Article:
The word valedictorian — Latin for “farewell sayer”— appears as early as 1759 in the diary of the Rev. Edward Holyoke, then president of Harvard College. The Merriam-Webster dictionary defines it as “the student usually having the highest rank in a graduating class who delivers the valedictory address at the commencement exercises.”
School officials contend that there are more valedictorians than ever before because the frenzy over college admissions has made students more serious about grades and has spurred them to load up on advanced courses beginning in freshman year. In addition, some schools have adjusted their formulas to give more students a shot at the top spot by counting more courses toward the grade-point average, or limiting the weight given to any one particular subject.
Don Haddad, the superintendent of the valedictorian-laden St. Vrain Valley district, where all 94 honored seniors earned a cumulative G.P.A. of at least 4.0, said his schools had simply produced stronger students with more rigorous coursework in early grades. “We have not lowered the bar to achieve more valedictorians,” he said. “More kids now are getting over the bar.”
Santa Monica High School in California recognized all 23 students with a 4.0 G.P.A. this year as “valedictorian candidates” and displayed their pictures at the entrance to the cafeteria. But for graduation, the school winnowed that pool to two valedictorians and one salutatorian by giving extra points for advanced placement, honors and college courses. As the principal put it, “If we had 23 speeches along with everything else, we’d still be graduating right now.”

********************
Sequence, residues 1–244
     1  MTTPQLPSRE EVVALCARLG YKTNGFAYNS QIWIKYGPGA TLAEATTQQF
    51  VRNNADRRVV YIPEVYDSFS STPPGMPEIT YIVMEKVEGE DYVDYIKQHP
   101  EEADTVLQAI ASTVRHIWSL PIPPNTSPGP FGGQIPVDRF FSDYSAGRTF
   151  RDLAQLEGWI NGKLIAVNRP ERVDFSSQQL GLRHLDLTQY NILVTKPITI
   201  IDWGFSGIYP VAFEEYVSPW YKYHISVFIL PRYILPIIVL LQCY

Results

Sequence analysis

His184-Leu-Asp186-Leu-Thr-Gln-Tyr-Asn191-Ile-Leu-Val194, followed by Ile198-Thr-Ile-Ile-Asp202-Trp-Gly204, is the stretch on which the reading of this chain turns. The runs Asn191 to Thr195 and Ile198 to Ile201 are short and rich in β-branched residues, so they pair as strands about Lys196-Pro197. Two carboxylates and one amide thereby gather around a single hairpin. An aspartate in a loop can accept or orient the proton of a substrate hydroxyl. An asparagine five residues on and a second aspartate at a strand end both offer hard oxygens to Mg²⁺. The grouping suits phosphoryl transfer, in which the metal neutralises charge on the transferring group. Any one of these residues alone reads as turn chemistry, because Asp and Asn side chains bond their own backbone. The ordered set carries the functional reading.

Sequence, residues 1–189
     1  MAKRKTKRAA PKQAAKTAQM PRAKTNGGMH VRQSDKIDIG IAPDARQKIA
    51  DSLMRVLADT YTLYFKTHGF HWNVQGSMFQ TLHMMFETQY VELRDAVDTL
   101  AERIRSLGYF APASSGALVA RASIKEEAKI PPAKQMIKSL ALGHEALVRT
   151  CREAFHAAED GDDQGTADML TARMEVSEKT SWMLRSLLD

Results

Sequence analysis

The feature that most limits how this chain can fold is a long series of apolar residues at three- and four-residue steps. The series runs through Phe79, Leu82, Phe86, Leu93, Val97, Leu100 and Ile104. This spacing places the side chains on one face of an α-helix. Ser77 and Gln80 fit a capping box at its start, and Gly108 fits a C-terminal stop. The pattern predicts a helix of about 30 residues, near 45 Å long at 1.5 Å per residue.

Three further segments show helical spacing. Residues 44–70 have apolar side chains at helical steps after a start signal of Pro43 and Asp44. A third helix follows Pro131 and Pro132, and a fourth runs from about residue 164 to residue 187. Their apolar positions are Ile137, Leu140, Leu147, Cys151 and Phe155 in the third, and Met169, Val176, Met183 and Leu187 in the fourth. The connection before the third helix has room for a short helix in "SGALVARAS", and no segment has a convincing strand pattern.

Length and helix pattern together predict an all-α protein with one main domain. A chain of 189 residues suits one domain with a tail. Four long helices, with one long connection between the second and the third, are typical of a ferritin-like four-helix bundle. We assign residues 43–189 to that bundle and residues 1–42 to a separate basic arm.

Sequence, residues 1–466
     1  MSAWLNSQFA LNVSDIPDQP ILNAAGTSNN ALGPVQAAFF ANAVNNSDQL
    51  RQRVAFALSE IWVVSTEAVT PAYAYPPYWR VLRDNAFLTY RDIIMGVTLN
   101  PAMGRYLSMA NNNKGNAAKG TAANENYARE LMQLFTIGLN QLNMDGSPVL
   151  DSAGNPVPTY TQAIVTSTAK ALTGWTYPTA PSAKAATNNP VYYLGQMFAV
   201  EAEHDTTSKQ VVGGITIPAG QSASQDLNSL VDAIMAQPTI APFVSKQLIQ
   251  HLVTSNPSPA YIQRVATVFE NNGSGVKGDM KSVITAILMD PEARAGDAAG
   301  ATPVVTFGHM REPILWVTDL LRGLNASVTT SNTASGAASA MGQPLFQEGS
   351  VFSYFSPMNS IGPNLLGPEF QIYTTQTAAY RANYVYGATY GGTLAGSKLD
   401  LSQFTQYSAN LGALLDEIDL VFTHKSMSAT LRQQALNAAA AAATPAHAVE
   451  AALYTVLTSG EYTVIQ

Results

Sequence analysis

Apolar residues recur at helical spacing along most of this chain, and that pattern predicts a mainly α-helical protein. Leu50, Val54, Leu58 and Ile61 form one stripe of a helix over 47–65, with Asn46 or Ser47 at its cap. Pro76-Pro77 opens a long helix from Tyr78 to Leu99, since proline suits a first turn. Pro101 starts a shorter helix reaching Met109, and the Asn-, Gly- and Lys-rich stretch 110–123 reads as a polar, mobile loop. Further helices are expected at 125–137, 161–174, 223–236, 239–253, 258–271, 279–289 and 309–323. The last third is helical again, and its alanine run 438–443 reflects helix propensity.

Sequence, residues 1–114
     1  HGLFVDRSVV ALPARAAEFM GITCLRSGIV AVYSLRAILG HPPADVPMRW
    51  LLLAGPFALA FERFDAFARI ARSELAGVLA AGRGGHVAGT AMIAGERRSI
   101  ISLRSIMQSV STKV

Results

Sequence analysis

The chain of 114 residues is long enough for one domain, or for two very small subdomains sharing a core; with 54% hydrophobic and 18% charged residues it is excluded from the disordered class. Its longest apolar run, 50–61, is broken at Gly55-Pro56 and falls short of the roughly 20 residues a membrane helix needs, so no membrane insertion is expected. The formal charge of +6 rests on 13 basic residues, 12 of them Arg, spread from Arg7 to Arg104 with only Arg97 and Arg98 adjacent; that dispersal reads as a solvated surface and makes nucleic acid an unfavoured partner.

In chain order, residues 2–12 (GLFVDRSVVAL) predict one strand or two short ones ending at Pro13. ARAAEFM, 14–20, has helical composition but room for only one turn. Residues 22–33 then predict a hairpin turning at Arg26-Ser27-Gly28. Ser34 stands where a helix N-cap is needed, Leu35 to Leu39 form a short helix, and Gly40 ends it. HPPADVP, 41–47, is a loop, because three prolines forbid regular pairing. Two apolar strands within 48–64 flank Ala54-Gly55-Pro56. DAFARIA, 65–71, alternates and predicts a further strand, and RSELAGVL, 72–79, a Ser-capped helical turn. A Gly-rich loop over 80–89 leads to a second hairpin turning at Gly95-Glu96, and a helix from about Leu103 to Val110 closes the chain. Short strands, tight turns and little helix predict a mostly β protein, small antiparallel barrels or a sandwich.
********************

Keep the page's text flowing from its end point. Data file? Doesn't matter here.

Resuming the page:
Jericho selects its valedictorians through a formula that does not distinguish between honors and nonhonors courses, with the result that any student who earns all A-pluses all four years automatically receives the honor. The most valedictorians previously was four, in 2008; last year, there was one. Henry L. Grishman, the Jericho superintendent, said there were no plans to move to a weighted formula that could break, say, a seven-way tie for valedictorian because “it levels the playing field to say a course is a course is a course” and encourages students to focus on learning rather than competing. The district does not rank students.
This year’s co-valedictorians — all friends since middle school — are an illustrious group. Ms. Leung just returned from meeting President Obama as a presidential scholar. Brandon Li, who is headed to Yale, invented a water filtration system for third world countries. Four of the seven placed in international research competitions.
Mr. Prisinzano, the principal — himself valedictorian of his upstate New York high school in 1994 — said Jericho’s co-valedictorians had spent more than 20 hours developing and rehearsing their graduation skit over the past two weeks. There is no star: everyone has about the same amount of speaking time.
Jeremy Feinstein, who plans to study engineering at Cornell, said he was surprised to learn that he was one of seven valedictorians. “I’ve never even heard of more than one or two,” he said. “Then I thought, ‘They worked as hard as I did and they deserve it as much as I do.’ They’re all great people.”
Anyway, he added, “I wouldn’t know what to do with 10 minutes on the podium.”